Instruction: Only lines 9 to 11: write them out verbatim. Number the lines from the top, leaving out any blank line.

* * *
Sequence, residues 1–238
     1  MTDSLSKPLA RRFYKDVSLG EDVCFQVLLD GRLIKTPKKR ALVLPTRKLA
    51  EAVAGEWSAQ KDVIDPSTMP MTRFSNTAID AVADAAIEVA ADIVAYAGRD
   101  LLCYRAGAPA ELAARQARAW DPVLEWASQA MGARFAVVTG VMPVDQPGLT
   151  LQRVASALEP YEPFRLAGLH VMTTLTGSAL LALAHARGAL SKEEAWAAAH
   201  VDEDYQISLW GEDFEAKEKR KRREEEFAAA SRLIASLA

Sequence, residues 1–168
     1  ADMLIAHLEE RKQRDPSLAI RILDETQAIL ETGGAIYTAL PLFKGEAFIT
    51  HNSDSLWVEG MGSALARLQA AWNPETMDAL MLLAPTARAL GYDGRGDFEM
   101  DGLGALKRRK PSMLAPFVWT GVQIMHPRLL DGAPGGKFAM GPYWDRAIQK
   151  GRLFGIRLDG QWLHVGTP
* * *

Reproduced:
    51  HNSDSLWVEG MGSALARLQA AWNPETMDAL MLLAPTARAL GYDGRGDFEM
   101  DGLGALKRRK PSMLAPFVWT GVQIMHPRLL DGAPGGKFAM GPYWDRAIQK
   151  GRLFGIRLDG QWLHVGTP